# Understanding A Impedance Adapter Schematic

^^^^So in this page this gentleman uses 2x 33R resistors + 2x 3.3R resistors. This results in 35 ohm resistance. The confusion is the 3.3R resistor. Does that scale if I want more resistance or stay the same?

Ideally I want the resistance to be around 330 ohms or more (or slightly less).

So as a result, would my parts be 2x 330R resistors + 2x 33 ohm resistors
OR
2x 330R resistors + 2x 3.3R resistors In this case, the resistors are in series meaning the amplifier sees a maximum impedance of 33 + 3.3 = 36.3 Ohm.
Since the headphone is parallel with the 3.3 Ohm resistor, you would calculate the total impedance (adapter + headphone connected) as such: 330 + 33 is the same in attenuation as 33 + 3.3. Unless you want to run some low impedance headphone off an OTL tube amp, I don’t see a reason to do this.
330 + 3.3 would give you roughly 1/100th the signal, which may result in barely audible volume levels.

If you are willing to build a slightly bigger device, I would suggest “copping” (=it is a variable voltage divider, no magic in there) the ifi IEMatch.

The 16 Ohm resistors would give you half the output signal, the 3.3 Ohms give you 1/10th

Firstly, thank you for the response! It helped me understand what I was looking at better.

The reason I want to try this at a high resistance is because I have a theory. And hopefully that theory plays out well. But it can only work at high resistances I feel. That’s the hypothesis.

So now, I am a little confused on the 3.3R. Before we go on, I am new to this so please be patient with me if you can.
Do I even need the 3.3 ohm resistor (or the 33 ohm in this case)?
it just seems to be there to be connected to the ground. Can’t I just connect the 330R resistor directly to the ground as well?
Maybe I am misunderstanding the purpose of the 3.3R Resistor in the first place.

I own the DarkVoice and it does get insanely loud but this is not necessarily the reason why I’m trying this.

And yes, I could just simply buy an impedance adapter, but, where’s the fun in that?

Again, thank you for your time!

The circuit is a voltage divider, it reduces the output by 10 fold the headphone is connected across the 3.3 ohm resistor , so it sees 3.3/(33+3.3)*the voltage into the circuit.
Any combination of resistors with the same ratios would do the same thing, but the overall impedance of the circuit would appear different.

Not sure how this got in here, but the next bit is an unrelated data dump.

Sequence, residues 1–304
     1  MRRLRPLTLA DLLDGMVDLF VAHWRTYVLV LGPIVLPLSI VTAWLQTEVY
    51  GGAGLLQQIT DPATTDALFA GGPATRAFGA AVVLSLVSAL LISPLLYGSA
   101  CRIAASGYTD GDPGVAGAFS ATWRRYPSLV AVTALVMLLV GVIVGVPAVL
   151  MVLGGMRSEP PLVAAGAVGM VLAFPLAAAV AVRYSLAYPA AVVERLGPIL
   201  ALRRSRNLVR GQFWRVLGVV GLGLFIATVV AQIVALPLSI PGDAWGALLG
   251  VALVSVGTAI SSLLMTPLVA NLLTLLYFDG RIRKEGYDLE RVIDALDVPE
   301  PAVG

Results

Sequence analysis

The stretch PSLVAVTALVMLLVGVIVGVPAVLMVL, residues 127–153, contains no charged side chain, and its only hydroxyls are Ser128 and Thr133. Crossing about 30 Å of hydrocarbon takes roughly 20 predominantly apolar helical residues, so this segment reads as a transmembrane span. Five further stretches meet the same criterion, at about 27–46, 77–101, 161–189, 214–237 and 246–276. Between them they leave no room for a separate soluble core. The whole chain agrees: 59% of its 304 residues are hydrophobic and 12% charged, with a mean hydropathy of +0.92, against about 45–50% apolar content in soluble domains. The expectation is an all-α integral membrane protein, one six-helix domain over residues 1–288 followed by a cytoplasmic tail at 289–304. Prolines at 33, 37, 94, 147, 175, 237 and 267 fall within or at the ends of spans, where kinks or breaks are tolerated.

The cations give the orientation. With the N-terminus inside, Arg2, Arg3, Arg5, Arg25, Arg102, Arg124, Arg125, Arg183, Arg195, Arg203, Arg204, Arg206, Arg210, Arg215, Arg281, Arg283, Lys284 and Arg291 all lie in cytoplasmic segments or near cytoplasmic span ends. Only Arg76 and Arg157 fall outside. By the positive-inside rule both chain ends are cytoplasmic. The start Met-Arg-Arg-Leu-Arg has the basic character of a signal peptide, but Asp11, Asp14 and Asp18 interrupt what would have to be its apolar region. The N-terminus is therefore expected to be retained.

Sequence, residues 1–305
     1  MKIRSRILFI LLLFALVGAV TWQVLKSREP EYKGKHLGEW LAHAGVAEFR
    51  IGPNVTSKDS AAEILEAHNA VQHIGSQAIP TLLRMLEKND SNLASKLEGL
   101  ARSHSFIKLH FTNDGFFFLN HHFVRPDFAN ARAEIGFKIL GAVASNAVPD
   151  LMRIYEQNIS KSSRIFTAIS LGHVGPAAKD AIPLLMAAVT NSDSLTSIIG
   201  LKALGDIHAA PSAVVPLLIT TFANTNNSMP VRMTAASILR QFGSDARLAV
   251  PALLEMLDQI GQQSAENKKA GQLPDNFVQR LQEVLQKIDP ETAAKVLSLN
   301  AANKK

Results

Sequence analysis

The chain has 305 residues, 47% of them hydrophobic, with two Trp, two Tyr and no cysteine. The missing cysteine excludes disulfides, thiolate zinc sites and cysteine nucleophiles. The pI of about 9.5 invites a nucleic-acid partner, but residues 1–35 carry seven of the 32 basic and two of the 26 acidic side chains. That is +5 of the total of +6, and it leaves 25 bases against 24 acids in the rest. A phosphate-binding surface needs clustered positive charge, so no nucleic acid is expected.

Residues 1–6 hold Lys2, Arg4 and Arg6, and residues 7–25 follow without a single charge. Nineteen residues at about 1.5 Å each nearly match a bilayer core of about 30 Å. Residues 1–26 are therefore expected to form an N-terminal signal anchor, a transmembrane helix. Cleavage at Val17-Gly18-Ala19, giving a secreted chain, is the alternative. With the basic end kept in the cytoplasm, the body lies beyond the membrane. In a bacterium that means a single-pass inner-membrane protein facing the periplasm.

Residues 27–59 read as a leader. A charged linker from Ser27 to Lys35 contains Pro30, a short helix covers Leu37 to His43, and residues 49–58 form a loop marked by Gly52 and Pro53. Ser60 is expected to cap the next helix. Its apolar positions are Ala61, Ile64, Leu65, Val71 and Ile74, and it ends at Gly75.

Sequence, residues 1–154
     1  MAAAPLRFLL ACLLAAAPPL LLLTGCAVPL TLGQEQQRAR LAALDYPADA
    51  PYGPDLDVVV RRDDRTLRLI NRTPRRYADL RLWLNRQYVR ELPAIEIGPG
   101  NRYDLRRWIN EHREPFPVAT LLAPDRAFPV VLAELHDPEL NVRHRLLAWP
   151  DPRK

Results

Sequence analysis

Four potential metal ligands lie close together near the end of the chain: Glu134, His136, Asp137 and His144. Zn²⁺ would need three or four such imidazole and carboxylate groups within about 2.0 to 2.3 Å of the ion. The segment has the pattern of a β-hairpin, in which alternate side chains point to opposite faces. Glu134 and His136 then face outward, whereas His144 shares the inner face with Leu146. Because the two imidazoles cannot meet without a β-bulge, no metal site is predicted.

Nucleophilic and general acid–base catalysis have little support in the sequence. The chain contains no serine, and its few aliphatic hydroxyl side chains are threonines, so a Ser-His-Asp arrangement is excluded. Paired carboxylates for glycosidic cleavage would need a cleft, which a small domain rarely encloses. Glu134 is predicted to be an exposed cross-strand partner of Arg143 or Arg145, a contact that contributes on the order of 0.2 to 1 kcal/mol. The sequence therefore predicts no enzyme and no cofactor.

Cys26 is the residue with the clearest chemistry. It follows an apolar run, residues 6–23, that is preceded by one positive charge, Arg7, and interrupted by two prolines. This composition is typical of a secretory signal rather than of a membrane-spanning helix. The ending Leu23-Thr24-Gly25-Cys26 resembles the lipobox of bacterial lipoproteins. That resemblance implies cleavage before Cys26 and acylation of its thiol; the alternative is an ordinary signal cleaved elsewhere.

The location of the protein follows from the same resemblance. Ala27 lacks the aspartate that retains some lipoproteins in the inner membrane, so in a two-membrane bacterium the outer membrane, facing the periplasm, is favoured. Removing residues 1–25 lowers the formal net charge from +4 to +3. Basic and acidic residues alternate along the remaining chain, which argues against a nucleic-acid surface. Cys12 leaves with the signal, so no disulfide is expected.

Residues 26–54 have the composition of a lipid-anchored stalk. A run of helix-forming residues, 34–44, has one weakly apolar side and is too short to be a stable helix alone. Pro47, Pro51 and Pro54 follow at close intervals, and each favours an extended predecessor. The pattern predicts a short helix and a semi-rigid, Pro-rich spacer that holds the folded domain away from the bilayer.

The reason for the small resistor value is it is much smaller that the headphone connected in parallel with it, so for the most part the fact the headphone is in parallel doesn’t change the resistance of the overall load much. So it appears as a ~35-36 ohm load to the amp regardless of the impedance of the headphone.

FWIW amps generally are more linear, and have less distortion at lower gain levels.
Adapters like this are designed to let you get the volume control on a device into it’s linear operating range, and to reduce the noise floor on very sensitive headphones/IEM’s.

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Do you know already the output impedance and the attenuation of the system that you want to design?

The circuit is a voltage divider, it reduces the output by 10 fold the headphone is connected across the 3.3 ohm resistor , so it sees 3.3/(33+3.3)*the voltage into the circuit.
Any combination of resistors with the same ratios would do the same thing, but the overall impedance of the circuit would appear different.

So a small deviation from this ratio wouldn’t be a big deal? It would just affect the output reduction by however many fold. Hmm lets say I’m trying to plug a planar headphone into an OTL Tube amp. If I want to avoid heavy distortion by overdriving, I would keep that ratio or increase the ratio. That’s the idea right? Well, and also do something like 20R / (200+20R) OR 10R/ (200R+ 10R)? OTLs are loud and powerful after all.

Examples like these would help me understand better. Thank you again for the response